Judging “nature positive”?

In a similar vein, “nature positive” is a vague concept and aspiration, covering a multitude of variables in nature. Some kind of aggregation will be necessary to form an overall view on whether nature positive is being achieved. The legislation gives insufficient guidance on how to aggregate and compare information about species and ecosystems and make the judgement on “nature positive”.

For example, an aggregation that gave greater emphasis to abundance over diversity might present a rosier picture than one that took the opposite view. Judging nature positive means answering questions like: “Does a growth in the number of common species like eastern grey kangaroos compensate for population declines in threatened species like glossy black cockatoo?”

Such issues may seem purely technical, but such technical decisions can have significant political implications and may even drive the overall political narrative about progress towards nature positive.

Of course, it’s unrealistic to fill legislation with scientific protocols and in the case of MER, it’s probably better, as the government proposes, to leave the details to the experts.

But if that’s the solution, given the stakes, EIA needs not only to be independent of government on paper, but independent in practice. And seen to be so.

Two hats

That’s not how the government sees it. Under the EIA bill, the Head of EIA will wear two hats.

In their statutory hat, the Head is independent, accountable to the minister and Parliament only for performing certain (albeit important) functions under the EIA Act, like preparing and publishing a State of the Environment Report every two years.

But in all other respects, the Head of EIA will be a senior officer of the Environment Department, appointed by the Secretary and reporting “up the agency line” to the Secretary and Minister.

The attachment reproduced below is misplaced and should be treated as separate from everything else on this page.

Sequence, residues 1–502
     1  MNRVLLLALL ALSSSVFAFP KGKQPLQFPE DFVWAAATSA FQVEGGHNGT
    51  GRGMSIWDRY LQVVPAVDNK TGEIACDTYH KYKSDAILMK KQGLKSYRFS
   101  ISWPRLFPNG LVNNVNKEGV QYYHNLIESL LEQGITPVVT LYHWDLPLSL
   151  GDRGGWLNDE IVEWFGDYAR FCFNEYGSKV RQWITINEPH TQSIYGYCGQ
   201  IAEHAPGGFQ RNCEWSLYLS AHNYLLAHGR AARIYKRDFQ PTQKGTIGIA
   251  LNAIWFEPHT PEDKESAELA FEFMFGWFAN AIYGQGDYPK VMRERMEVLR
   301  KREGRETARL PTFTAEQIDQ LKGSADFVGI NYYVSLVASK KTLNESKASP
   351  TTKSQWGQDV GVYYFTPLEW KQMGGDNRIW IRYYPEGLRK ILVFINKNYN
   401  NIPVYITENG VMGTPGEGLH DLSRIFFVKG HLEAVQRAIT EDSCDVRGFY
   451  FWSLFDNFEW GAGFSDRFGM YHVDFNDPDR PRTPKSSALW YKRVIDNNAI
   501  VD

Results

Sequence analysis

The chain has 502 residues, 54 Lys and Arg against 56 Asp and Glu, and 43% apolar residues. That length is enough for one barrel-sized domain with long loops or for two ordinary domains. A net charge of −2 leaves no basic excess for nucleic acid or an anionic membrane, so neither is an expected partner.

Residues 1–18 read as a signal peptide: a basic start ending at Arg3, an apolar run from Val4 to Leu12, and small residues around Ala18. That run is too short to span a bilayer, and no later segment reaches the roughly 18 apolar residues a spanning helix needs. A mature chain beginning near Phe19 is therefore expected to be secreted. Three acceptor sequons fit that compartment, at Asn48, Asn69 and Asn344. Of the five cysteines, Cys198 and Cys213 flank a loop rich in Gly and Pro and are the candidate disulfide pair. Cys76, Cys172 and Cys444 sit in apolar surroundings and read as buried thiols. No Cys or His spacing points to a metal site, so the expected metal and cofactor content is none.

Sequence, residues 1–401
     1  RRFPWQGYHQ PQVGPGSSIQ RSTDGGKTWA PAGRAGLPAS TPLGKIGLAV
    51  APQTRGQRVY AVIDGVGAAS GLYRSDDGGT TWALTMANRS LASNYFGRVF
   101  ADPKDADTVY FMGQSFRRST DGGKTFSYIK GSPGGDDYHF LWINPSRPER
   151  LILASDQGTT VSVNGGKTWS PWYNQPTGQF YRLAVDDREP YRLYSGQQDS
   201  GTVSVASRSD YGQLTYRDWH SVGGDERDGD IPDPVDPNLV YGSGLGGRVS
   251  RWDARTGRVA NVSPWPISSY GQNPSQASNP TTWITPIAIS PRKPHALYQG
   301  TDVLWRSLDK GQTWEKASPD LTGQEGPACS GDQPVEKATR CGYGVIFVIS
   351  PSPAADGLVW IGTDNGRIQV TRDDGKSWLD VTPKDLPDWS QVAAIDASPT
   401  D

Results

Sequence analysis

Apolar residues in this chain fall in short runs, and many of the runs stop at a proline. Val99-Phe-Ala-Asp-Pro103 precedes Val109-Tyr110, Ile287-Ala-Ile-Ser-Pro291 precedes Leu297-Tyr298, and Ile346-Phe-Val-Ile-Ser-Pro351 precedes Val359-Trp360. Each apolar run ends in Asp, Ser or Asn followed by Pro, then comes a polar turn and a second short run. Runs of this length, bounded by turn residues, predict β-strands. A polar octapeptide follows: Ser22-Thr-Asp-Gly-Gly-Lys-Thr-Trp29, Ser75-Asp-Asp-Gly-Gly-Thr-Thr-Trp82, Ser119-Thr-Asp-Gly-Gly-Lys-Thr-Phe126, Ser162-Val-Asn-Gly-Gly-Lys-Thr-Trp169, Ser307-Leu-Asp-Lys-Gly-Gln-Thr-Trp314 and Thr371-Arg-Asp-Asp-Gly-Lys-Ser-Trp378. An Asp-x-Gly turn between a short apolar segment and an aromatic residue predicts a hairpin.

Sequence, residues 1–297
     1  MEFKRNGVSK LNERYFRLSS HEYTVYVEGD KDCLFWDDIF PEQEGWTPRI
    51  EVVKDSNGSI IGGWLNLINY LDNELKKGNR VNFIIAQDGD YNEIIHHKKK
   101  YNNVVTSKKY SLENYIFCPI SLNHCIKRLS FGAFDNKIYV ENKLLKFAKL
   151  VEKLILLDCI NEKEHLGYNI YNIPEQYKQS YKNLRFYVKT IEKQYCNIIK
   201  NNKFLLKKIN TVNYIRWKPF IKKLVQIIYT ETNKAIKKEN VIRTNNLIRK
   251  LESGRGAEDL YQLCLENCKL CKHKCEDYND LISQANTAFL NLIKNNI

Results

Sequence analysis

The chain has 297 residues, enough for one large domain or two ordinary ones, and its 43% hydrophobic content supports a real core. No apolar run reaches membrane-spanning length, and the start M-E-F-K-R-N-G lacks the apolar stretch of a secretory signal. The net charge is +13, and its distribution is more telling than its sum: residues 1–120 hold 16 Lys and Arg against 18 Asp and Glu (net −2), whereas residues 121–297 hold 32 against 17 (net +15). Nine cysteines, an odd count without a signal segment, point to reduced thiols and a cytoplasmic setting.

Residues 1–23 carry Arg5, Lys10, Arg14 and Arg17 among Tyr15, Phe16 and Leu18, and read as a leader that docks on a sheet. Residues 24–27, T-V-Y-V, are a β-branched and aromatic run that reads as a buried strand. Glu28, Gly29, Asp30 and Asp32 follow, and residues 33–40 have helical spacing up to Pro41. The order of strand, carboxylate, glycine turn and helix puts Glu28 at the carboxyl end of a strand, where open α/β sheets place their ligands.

This “two hat” model could place the Head in very uncomfortable positions. For example, would the Head defer releasing data to avoid embarrassing government close to an election? Wearing the statutory hat, the Head would not dream of doing so, but wearing the senior officer’s hat, they might well consider it, given it would be lawful and would keep them in the minister’s good books.

Such dilemmas, and above all the perception of such dilemmas, must be avoided at all costs.

No teeth

Another problem with the EIA bill is that it requires the Head to operate in contested space, but with few powers to deal with contested issues.

State governments still make most environmental decisions and hold most of the data, but the federal role has grown enormously over the years and states worry about federal ‘mission creep’. Retaining control of data is one way to resist this trend.

Similarly, developers, researchers and Indigenous people hold significant quantities of relevant information, but will worry about the implications of handing it over to processes beyond their control, including the Head’s almost unconstrained power to pass that information on to any federal agency.